Almost half (45.8%) of the dogs included in the final analysis had reached the primary end point by the time the study was terminated. Dogs in the pimobendan group reached the primary end point by a median of 1228 days (41 months); those in the placebo group, by a median of 766 days (25.5 months). At any time point, a dog receiving pimobendan was about two-thirds as likely as a dog receiving placebo to reach the primary end point (hazard ratio, 0.64; 95% CI, 0.47-0.87). According to the authors, most dogs reached the primary end point by developing congestive heart failure, not by dying. They concluded that the benefit of pimobendan was a result of prolonging the time to onset of congestive heart failure.
Previous studies have shown that long-term administration of pimobendan to dogs with asymptomatic mitral valve disease can have adverse effects. Cardiac-related death can also occur in dogs with stage B2 mitral valve disease. However, the authors conclude that the improved outcome in dogs receiving pimobendan indicates that overall it is safe to give.
The authors note that some dogs might have been incorrectly classified as having a cardiac (or noncardiac) cause for euthanasia or spontaneous death. Because the study population was large and because cardiac-related deaths and euthanasias were not significantly different between the two groups, they believe that this limitation had little effect on the results. Another limitation is that all dogs that developed congestive heart failure were subsequently treated with pimobendan, with no further restriction on other treatment. This treatment variability did not affect the major study conclusions, they say, but was a confounding factor in the calculation of all-cause mortality.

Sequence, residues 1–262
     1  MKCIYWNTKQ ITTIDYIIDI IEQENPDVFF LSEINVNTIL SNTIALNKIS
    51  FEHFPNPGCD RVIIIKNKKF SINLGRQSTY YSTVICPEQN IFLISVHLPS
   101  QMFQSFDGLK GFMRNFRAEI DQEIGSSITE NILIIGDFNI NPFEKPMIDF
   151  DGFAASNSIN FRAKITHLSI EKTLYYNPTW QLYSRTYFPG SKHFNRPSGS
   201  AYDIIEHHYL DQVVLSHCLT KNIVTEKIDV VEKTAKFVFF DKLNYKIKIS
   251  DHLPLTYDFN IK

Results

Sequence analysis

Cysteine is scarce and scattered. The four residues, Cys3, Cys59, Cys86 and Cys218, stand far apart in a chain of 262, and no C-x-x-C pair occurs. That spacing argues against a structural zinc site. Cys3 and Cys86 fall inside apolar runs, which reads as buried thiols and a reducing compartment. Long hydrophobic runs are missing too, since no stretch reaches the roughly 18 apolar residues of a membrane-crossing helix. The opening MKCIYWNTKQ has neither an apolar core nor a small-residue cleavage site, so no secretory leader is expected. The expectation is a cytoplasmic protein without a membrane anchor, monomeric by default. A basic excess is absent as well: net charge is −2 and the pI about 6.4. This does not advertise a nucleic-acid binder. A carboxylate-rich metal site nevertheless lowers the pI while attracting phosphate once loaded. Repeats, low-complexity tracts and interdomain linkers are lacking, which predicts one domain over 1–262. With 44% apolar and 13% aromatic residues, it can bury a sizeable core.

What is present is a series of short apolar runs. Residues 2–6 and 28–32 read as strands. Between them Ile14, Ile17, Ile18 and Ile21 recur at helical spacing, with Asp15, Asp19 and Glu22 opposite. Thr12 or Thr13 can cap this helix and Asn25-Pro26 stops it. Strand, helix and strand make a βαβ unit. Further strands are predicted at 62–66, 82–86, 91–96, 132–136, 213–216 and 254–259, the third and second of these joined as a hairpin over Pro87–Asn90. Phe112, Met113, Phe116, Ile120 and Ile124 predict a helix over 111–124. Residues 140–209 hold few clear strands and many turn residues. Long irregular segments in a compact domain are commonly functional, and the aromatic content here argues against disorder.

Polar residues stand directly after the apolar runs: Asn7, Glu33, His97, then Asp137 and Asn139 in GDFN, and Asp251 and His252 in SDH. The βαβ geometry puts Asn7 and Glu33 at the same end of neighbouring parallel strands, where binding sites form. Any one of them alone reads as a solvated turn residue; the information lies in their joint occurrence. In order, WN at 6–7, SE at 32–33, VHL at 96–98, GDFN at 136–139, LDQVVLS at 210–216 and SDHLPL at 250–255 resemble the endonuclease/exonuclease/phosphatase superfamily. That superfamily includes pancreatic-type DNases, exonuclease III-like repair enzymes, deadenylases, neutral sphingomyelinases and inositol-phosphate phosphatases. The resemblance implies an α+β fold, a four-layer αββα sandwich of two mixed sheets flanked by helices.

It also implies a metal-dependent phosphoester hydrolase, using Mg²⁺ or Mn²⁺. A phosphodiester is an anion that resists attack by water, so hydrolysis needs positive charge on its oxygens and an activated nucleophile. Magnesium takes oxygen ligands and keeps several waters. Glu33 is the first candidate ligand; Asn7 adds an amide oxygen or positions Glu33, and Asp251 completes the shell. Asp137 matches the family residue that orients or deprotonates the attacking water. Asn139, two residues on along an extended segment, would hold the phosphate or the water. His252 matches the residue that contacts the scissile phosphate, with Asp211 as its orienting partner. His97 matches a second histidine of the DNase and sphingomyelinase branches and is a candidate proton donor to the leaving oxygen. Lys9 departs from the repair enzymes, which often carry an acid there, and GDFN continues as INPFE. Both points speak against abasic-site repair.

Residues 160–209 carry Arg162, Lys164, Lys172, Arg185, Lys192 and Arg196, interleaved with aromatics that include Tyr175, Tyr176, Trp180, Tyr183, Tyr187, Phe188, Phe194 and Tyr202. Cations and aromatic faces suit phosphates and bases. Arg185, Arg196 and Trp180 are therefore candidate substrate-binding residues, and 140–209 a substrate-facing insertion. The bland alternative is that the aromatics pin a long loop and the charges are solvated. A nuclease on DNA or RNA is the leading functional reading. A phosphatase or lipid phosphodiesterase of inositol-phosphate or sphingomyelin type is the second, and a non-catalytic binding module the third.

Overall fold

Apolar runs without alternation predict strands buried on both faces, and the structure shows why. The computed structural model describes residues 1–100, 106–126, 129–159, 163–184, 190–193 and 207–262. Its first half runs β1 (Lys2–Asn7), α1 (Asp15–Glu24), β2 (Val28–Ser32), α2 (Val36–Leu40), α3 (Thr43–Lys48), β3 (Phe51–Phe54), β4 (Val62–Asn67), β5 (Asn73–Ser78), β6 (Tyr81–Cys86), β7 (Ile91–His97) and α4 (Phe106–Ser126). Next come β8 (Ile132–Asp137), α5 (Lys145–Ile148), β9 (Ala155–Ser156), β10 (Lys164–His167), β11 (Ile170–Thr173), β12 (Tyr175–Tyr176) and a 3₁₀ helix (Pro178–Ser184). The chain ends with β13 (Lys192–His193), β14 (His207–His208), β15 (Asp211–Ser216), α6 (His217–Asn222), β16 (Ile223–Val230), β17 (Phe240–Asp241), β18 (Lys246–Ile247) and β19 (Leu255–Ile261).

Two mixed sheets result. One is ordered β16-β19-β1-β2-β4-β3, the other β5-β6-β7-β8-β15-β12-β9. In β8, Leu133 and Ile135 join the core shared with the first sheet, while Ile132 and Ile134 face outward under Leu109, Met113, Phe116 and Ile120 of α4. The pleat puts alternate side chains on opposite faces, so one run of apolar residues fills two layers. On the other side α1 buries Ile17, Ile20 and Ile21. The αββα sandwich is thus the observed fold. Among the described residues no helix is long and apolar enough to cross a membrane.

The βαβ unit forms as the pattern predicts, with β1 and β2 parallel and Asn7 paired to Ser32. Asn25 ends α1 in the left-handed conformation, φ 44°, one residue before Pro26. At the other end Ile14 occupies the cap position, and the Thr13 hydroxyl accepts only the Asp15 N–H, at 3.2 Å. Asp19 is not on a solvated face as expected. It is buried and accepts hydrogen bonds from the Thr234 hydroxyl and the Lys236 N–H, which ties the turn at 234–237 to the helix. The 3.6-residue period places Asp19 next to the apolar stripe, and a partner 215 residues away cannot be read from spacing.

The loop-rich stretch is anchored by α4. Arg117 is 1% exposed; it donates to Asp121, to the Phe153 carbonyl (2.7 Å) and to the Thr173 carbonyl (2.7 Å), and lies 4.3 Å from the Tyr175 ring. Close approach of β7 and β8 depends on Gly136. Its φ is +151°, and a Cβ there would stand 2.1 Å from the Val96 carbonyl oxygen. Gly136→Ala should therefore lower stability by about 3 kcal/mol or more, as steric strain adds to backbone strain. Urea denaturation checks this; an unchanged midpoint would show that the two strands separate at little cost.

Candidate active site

“The results of this clinical trial will change the way the most common cause of heart disease and heart failure in the dog is managed on a day-to-day basis by veterinarians around the world and contribute to dogs with MMVD [myxomatous mitral valve disease] living better and longer,” said study coauthor Dr Sonya Gordon in a press release from Texas A&M University.
The study was funded by Boehringer Ingelheim Animal Health GmbH. One author is employed by Boehringer Ingelheim. All other authors have received funding from Boehringer Ingelheim for research, travel, speaking, consulting, or educational material preparation.
Dr. Laurie Anne Walden received her doctorate in veterinary medicine from North Carolina State University. After an internship in small animal medicine and surgery at Auburn University, she returned to North Carolina, where she has been in small animal primary care practice for over 20 years. Dr. Walden is also a board-certified editor in the life sciences and owner of Walden Medical Writing, LLC. She works as a full-time freelance medical writer and editor and continues to see patients a few days each month.